A new book from one of my BCU lecturers, Andy Conway, who was always very keen on the Amazon model.
A very talented friend of mine from the BCU MA, Nicky Tate, has recently produced her first book. She’s written plenty of radio scripts for children, but this is her blog describing how Professor Hallux and the LaLaLas came to life.
Well done Nicky. 🙂
I’m pleased that my chapter book for children, Professor Hallux and the Lalalas has finally made it into the world. It’s been a long journey and one which has taught me an awful lot about writing.
Yonks and yonks ago I devised the characters of Professor Hallux for Fun Kids. We wanted a character who could explain science and medical matters to our young listeners. Originally the boss suggested he could be a stereotypical dotty old professor but I suggested someone more like Doctor Who – younger, and more unhinged. I also added a sidekick pink robot Nurse Nanobot, who I’ve been changing to plain Nanobot over the years – a girlie sidekick is, after all, rather sexist, and that she’s a subordinate makes it worse. (In my defence I’ve invented a county shit ton of female science characters: Techno Mum, Amy Aviation, Marina Venturer, K-Mistry Chemistry Superhero to…
View original post 765 more words
A blog well-worth checking out from Aeryn Rudel, this particular post specifically about his rejections – and acceptances – this month. It makes for interesting reading and, perhaps unintuitively, is highly encouraging. At its core his message is ‘keep writing, keep submitting’: rejections happen.
I’d also recommend looking through rejectomancy.com’s other posts, especially another recent post covering social media presence.
September was a solid month, and my progress with short story submissions was much less sloth-like than previous months. It’s a mixed bag this time, with rejections, acceptances, and some noteworthy publications.
September Report Card
- Submissions Sent: 7
- Rejections: 5*
- Acceptances: 1
- Publications: 2
*Three (3) of these rejections were for submissions sent in September.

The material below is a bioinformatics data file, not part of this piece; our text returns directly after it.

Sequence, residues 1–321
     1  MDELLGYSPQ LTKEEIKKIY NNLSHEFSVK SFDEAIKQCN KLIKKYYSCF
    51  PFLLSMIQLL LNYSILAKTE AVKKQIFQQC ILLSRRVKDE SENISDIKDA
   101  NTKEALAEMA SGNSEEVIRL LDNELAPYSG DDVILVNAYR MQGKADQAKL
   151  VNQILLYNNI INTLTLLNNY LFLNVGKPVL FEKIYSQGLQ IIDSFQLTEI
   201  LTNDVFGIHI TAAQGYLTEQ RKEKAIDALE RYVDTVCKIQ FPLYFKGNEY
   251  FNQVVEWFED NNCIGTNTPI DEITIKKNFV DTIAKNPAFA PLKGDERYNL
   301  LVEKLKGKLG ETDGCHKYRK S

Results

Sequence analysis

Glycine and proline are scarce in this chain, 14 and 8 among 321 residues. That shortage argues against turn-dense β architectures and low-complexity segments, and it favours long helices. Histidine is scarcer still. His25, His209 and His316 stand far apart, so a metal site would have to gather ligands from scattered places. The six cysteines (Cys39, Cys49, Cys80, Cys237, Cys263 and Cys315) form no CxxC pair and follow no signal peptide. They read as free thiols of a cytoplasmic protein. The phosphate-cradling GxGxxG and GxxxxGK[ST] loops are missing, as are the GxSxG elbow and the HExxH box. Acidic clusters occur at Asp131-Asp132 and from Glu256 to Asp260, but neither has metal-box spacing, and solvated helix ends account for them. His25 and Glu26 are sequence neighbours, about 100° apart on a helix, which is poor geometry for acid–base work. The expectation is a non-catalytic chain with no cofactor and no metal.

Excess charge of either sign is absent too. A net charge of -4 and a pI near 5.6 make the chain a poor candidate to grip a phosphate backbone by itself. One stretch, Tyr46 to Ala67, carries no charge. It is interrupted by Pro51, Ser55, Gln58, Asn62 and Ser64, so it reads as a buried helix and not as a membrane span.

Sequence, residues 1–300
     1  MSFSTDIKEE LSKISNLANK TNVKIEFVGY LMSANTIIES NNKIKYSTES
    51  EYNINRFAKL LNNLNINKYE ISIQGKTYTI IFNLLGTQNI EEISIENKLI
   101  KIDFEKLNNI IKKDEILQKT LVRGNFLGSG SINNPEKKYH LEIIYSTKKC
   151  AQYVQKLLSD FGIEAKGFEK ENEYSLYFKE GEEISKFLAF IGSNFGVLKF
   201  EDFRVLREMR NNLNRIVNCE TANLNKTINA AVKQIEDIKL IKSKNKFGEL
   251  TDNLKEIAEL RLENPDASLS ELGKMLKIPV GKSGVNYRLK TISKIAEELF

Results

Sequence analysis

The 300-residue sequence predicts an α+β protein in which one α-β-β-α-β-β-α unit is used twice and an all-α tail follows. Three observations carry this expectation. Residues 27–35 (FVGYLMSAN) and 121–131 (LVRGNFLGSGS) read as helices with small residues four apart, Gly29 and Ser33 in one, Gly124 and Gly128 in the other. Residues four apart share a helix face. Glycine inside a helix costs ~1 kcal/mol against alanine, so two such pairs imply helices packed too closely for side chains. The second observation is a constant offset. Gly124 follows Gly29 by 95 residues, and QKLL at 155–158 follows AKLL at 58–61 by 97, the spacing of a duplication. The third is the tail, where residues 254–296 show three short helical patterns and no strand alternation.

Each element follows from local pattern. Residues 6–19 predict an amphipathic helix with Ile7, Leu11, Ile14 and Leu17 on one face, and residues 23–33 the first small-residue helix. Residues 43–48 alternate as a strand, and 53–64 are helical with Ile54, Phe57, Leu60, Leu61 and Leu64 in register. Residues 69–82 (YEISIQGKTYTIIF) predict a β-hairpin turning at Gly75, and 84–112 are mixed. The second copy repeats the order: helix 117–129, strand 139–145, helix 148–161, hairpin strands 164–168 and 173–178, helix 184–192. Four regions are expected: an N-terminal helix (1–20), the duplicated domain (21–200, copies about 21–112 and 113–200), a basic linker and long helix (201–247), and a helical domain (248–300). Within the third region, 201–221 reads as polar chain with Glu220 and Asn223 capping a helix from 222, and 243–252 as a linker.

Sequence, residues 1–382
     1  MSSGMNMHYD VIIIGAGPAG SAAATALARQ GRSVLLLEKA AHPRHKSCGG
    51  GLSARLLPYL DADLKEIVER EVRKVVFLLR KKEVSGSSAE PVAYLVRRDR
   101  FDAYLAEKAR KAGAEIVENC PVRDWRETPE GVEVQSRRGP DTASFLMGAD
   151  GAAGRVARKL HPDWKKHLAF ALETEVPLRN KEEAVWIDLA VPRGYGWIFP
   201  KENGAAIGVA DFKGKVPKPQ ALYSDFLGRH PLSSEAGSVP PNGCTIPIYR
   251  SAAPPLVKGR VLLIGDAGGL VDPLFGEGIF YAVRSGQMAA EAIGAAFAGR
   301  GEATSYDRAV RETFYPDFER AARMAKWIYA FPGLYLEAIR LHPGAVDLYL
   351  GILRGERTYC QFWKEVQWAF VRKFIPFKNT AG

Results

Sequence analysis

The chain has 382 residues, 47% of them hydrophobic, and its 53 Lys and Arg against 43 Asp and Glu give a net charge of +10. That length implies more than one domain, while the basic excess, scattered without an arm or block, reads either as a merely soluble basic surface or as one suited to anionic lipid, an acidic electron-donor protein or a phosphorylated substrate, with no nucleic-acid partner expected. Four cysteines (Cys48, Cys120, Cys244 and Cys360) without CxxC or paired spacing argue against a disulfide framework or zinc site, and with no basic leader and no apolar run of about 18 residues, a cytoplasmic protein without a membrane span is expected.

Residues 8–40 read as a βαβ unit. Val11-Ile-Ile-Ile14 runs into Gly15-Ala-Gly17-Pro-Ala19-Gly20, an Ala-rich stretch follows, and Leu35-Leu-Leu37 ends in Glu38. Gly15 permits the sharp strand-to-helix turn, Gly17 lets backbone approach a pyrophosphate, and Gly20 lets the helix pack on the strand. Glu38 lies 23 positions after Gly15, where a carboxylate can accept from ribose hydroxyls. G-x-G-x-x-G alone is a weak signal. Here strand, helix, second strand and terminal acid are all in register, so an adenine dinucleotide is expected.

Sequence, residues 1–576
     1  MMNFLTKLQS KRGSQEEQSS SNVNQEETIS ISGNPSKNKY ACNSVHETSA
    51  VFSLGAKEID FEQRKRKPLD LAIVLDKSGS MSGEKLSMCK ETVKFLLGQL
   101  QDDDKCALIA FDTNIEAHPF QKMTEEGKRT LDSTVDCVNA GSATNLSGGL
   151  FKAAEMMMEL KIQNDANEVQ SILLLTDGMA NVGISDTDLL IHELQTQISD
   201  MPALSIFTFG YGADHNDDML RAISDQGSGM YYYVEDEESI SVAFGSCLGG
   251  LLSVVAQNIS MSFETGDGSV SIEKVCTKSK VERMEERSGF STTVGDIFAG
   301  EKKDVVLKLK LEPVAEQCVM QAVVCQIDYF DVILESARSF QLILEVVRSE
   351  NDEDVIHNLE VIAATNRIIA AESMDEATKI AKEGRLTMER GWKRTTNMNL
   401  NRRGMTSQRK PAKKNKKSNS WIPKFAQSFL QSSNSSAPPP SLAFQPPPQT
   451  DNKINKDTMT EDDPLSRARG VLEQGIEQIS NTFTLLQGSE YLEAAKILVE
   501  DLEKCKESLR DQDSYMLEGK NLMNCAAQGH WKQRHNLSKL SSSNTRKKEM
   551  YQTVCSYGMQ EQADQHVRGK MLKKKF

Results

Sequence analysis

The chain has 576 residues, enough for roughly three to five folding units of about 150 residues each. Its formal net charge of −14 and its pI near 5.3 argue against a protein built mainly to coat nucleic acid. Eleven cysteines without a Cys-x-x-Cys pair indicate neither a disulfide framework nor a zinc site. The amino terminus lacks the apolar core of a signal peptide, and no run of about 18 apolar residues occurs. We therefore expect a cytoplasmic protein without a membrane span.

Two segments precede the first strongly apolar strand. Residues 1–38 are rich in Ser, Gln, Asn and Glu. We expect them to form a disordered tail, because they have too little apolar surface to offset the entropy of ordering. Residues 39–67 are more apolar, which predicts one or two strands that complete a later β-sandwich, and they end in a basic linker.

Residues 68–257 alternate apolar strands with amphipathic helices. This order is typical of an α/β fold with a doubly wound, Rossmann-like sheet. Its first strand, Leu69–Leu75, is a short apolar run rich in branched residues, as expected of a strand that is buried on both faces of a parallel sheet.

Here we go. This is what Rejectomancy is all about! Five rejections this month; let’s have a look.
Rejection 1: 9/3/16
Thank you for your submission to XXX.
We regret that we are unable to publish “XXX” We are grateful for the opportunity to consider it, and we wish you the best of luck in placing it elsewhere.
A common form rejection from one of the bigger horror markets. Nothing much to see here, really, and I’ve received this exact rejection numerous times. This will be a running theme for September, by the way.
View original post 915 more words
I never thought I’d be able to write that title. During my UG studies, I’d been fascinated by the Frankenstein, by the other, partially-not-human, and the bioethical considerations that arise from artificially modifying humans. And now, after cataract surgery, I find I am carrying round two implants that restore to me my lost vision.
I was asked about things like this recently and lo, this appeared in my inbox. An interesting post by Ryan Lanz about why adverbs (-ly words) can be an indication of a sign of weakness in writing – force-feeding (telling) the reader rather than guiding (showing) them.
by Gary Smailes
In this article I will set out to explain why so many famous authors (Stephen King being perhaps the most vocal) warn other authors against the use of adverbs. In fact, King’s hatred of adverbs is so intense that he’s been quoted as saying, “Adverbs are evil.” You will discover the role of adverbs in fiction writing, and I’ll demonstrate why removing adverbs from your writing will make your book more enjoyable to read. In short, I’ll explain just why adverbs are evil.
View original post 2,685 more words
I’m due to make a long trip and find myself tensing up. The regular pain worsens as a result of that, but my daily routine hasn’t changed. That means the only real reason for the increased pain is the anticipation of being in severe pain as a result of the trip.
View original post 451 more words